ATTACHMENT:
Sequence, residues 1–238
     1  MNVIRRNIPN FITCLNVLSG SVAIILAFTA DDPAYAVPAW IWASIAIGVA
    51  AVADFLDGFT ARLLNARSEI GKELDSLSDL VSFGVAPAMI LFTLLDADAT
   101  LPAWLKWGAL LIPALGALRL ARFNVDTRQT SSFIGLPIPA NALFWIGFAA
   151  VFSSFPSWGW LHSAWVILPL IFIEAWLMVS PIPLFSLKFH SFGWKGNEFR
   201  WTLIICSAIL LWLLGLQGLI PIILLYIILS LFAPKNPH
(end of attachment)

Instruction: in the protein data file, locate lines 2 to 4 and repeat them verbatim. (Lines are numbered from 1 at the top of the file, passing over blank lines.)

     1  MNVIRRNIPN FITCLNVLSG SVAIILAFTA DDPAYAVPAW IWASIAIGVA
    51  AVADFLDGFT ARLLNARSEI GKELDSLSDL VSFGVAPAMI LFTLLDADAT
   101  LPAWLKWGAL LIPALGALRL ARFNVDTRQT SSFIGLPIPA NALFWIGFAA